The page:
FCC Works to Free Up Space for 5G in C-Band

The commission will have to decide how to move fixed satellite services off the proposed mid-band 5G frequencies
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WASHINGTON — The Federal Communications Commission is working towards making 3.7 GHz to 4.2 GHz mid-band frequencies — spectrum that is coveted by U.S. mobile operators — available for 5G. 

Michael Ha, deputy chief of technology at the FCC said he expects the Commission to issue a notice of proposed rule-making (NPRM) "by summer," which will then be followed by a public comment period.

The FCC will have to decide how to move fixed satellite services off the proposed mid-band 5G frequencies. To see how that affects broadcasters, check out our recent coverage on the topic.

[How does 5G compare to other propagation methods?]

Ha made his comments at the recent "The Future of Spectrum" panel held at the downtown Brooklyn NYU engineering campus, reports lightreading.com. He expects 24 GHz, 28 GHz, and 39 GHz auctions during 2019.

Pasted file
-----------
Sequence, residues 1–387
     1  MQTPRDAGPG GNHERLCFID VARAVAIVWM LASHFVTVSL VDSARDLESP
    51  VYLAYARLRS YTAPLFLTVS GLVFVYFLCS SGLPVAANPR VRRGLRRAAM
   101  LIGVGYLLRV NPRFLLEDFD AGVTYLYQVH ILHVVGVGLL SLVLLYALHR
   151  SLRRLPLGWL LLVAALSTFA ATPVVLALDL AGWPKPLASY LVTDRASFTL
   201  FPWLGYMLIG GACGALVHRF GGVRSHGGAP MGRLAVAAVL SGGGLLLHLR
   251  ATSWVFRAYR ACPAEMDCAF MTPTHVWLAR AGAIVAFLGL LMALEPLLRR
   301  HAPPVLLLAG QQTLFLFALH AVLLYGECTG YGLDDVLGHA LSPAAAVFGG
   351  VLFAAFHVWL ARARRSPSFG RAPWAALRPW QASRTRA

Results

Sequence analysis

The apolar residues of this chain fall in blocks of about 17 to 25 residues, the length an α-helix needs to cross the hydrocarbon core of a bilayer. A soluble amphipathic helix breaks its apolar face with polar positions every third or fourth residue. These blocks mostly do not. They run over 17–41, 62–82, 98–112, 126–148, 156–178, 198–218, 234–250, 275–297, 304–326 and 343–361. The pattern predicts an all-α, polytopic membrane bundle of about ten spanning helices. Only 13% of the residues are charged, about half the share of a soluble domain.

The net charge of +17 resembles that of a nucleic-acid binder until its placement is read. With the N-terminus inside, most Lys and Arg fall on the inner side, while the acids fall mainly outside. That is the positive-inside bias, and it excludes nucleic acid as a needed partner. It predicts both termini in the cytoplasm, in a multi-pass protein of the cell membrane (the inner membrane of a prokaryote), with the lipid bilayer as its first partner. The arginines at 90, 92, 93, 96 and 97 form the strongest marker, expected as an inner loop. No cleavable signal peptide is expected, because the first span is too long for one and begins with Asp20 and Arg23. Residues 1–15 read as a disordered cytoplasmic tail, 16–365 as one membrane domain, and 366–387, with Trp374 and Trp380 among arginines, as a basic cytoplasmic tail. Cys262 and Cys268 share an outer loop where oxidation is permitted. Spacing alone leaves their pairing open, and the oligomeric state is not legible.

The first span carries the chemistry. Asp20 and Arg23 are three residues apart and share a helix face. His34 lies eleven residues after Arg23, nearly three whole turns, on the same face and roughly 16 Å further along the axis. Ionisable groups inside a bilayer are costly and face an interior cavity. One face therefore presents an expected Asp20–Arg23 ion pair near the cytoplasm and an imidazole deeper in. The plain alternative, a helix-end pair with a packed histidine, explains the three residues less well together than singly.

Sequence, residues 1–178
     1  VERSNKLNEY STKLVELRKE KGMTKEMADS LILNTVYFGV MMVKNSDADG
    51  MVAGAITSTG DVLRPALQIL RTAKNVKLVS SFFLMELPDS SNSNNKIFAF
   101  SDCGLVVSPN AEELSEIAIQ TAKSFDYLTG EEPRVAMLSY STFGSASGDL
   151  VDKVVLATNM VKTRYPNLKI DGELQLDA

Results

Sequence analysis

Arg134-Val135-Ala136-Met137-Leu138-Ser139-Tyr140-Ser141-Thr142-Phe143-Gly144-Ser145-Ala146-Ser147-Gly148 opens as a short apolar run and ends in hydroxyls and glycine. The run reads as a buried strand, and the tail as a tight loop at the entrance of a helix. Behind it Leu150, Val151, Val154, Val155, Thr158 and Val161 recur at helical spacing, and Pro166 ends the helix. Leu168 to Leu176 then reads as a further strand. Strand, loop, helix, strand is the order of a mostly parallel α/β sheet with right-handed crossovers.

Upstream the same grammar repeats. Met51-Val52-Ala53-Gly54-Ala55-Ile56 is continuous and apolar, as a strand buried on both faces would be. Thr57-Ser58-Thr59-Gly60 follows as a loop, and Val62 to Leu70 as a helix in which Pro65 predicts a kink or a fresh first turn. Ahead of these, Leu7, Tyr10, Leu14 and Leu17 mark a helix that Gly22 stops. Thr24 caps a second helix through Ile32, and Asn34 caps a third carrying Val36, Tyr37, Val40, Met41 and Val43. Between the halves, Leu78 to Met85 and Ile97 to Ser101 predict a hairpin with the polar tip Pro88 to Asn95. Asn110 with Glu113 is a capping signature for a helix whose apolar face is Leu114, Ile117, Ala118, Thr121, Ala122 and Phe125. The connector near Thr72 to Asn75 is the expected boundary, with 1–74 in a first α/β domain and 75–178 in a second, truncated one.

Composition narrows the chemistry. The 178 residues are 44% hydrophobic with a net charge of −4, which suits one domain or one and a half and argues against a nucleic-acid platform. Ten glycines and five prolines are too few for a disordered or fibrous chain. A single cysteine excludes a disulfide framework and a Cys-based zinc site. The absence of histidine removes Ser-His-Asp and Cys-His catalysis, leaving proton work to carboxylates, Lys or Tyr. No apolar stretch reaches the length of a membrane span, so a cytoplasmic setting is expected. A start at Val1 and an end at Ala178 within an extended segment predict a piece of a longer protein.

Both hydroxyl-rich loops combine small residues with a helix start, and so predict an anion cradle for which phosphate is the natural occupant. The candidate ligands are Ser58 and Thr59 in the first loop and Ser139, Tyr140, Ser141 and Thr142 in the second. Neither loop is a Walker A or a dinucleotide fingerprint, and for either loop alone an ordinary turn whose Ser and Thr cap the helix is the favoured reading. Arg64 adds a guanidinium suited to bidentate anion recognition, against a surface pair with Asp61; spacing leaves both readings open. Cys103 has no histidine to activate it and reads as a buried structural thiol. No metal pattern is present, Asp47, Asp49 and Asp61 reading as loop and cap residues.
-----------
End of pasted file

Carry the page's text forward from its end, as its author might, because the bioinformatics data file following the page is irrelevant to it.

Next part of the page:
In Cupertino, Calif., Apple is asking the FCC for permission to conduct experimental RF tests at its Infinite Loop and Apple Park locations.

Last year, citing the FCC’s Spectrum Frontiers Report and Order, Apple applied for and was granted permission to conduct tests in the 28 GHz and 39 GHz bands at Apple-controlled facilities in Cupertino and Milpitas.

The company said those tests would help it assess cellular link performance in direct path and multipath environments between base station transmitters and receivers and contribute to 5G networks, according to fiercewireless.com. Rohde & Schwarz, A.H. Systems and Analog Devices are among the companies providing equipment for the tests. 

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